Doctor, DHB at fault for baby injured in birth
A Canterbury baby was left with a broken collarbone, bruises and long-term developmental delays after a junior doctor and the district health board failed to provide proper care during her birth.
Health and Disability Commissioner Anthony Hill released a report into the botched delivery yesterday, finding an obstetric registrar and the Canterbury District Health Board failed to provide appropriate care to a first-time mother during the birth of her daughter in 2011.
The 34-year-old mother had a history of diabetes and went into labour about three weeks early.
She was monitored by staff at one of Christchurch's public hospitals for about 20 hours before an obstetrics register, named in the report as Dr B, noticed signs of foetal compromise and decided to deliver the baby using instruments.
The doctor tried five times to use a vacuum-like device to deliver the baby, before switching to forceps.
The baby had to be resuscitated and responded well, but began displaying unusual movements about two hours later and was transferred to the Neonatal Intensive Care Unit.
An MRI scan showed she had suffered bleeding between the periosteum and scalp and severe lack of oxygen during birth. An X-ray later revealed a fractured collarbone.
She still had weakness in her left arm and leg, and had shown delays in motor development.
Hill found the registrar failed to recognise the complexity of the situation and made a "series of poor clinical decisions", including failing to contact the on-call consultant and proceeding with an instrumental delivery instead of a caesarean section.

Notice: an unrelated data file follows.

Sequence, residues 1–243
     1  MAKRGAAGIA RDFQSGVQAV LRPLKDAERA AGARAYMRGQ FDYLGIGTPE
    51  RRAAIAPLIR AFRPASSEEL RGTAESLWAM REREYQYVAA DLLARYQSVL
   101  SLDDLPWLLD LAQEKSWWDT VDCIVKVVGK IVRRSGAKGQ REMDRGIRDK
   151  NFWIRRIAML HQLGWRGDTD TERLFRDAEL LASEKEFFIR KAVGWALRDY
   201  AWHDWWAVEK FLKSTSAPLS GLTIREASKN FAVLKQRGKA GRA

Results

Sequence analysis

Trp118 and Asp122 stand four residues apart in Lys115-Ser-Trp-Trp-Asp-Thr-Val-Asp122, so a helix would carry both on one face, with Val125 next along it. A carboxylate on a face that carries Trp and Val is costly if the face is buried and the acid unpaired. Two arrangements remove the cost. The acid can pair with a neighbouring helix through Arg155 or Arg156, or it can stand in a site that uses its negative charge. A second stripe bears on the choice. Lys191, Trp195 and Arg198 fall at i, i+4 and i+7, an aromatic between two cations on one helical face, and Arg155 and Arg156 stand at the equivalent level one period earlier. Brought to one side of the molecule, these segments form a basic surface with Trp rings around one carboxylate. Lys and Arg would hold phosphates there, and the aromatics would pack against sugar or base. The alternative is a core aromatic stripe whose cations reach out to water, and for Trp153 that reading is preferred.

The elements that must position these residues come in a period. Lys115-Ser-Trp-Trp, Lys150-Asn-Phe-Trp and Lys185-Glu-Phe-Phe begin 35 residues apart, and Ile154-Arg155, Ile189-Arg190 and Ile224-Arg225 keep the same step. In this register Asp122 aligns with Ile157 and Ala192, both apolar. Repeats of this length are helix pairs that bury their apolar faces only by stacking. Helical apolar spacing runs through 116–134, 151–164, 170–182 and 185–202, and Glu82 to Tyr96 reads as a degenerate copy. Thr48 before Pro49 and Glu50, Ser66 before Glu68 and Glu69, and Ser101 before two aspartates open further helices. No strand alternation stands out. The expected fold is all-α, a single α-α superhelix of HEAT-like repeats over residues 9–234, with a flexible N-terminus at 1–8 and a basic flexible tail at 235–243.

Hill said the health board also failed the family because it did not have a culture that "sufficiently supported" the registrar, and placed responsibility on junior staff to recognise the extent of their own expertise.
Dr B apologised for the incident, saying the responsibility for the decisions made "lies with me". "I made the best decisions I could at the time with the best interests of [Baby A] and [Ms A] at heart. However, in retrospect I wish I had made a different decision or recommendations."
Health board chief medical officer Dr Nigel Millar said a letter of apology had been given to the commissioner for the mother and her family.
"This is a tragic event for this family. While we cannot change what has happened, much as we would like to, we can work to reach the highest possible standard of care and thereby limit the chances of this problem recurring."
The health board had since introduced new guidelines for the supervision of registrars, a new training programme for staff carrying out instrument deliveries, and weekly meetings for reviewing complex labours that resulted in emergency caesarean sections, Millar said.